Recent studies of near-cloud-resolving numerical simulations run at a horizontal grid spacing of 2–3 km have added new clarity to these processes. Montgomery et al. (2006, hereafter MNCS) demonstrated that the incipient surface vortex could be built by small-scale cores of rotating deep convection (so-called vortical hot towers, hereafter VHTs) via the coalescence and system-scale concentration of their convectively generated cyclonic vorticity anomalies in an idealized framework. Hendricks et al. (2004, hereafter HMD) demonstrated a similar genesis pathway in a real storm, Hurricane Diana (in 1984). However, the lack of dense in situ measurements combined with cirrus cloud canopies that tend to obscure the low-level storm structure have limited the ability to assess these and other numerical model simulations.

Tropical Cyclone Gustav presented a unique opportunity to “look into” a developing tropical system and observe the low-level structure. The eastern portion of the storm was exposed on 9 September due to moderate easterly vertical shear, uncovering multiple mesovortices that were present. Areas of the storm were also exposed on 10 September, and more of these mesovortices were visible. The evolution of these mesovortices was captured with the rapid scan visible satellite imagery.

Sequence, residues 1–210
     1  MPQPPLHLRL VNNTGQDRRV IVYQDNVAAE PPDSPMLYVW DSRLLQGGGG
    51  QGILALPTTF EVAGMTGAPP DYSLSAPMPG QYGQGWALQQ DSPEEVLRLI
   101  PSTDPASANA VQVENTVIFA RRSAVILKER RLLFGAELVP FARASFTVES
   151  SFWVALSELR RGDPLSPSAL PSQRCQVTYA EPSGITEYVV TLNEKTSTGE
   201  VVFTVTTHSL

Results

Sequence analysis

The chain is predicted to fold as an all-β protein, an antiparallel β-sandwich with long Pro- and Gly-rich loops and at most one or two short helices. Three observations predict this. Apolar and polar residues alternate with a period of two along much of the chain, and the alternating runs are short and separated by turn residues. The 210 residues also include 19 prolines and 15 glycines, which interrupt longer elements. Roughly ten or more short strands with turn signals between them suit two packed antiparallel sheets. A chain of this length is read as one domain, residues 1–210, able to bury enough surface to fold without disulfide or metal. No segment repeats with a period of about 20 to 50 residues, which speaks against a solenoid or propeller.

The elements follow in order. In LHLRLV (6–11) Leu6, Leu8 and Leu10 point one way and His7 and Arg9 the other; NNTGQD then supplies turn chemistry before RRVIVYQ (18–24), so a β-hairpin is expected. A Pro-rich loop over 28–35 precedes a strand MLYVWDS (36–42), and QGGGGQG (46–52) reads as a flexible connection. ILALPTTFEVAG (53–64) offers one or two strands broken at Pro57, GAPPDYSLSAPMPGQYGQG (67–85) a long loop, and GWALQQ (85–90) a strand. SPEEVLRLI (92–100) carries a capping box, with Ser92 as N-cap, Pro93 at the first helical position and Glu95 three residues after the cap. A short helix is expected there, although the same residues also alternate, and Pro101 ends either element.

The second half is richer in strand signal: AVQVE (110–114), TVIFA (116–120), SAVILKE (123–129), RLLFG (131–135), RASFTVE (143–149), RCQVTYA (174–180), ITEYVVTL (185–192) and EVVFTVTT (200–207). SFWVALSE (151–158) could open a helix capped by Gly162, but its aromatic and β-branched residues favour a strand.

Gustav was of the class of storms that made a transition from an ordinary baroclinic cyclone to a warm-core tropical storm (tropical transition, TT; Davis and Bosart 2003, 2004, hereafter DB03, DB04, respectively). This is in contrast to the well-known extratropical transition that occurs when tropical cyclones move into the higher latitudes (typically greater than 30°N). Tropical transition is physically defined as the morphing of a cold-core cyclone with baroclinic origins into a warm-core surface-based tropical cyclone (DB04). In the TT classification system of DB04, Gustav was considered initially to be a strong extratropical cyclone. In such cases, the frontal cyclone may gain sufficient strength to trigger a wind-induced surface heat exchange amplification process (WISHE; Emanuel et al. 1994). According to DB04, the TT happens via diabatic convective processes that tend to erode the preexisting vertical wind shear and produce a warm core (cf. Montgomery and Farrell, 1993).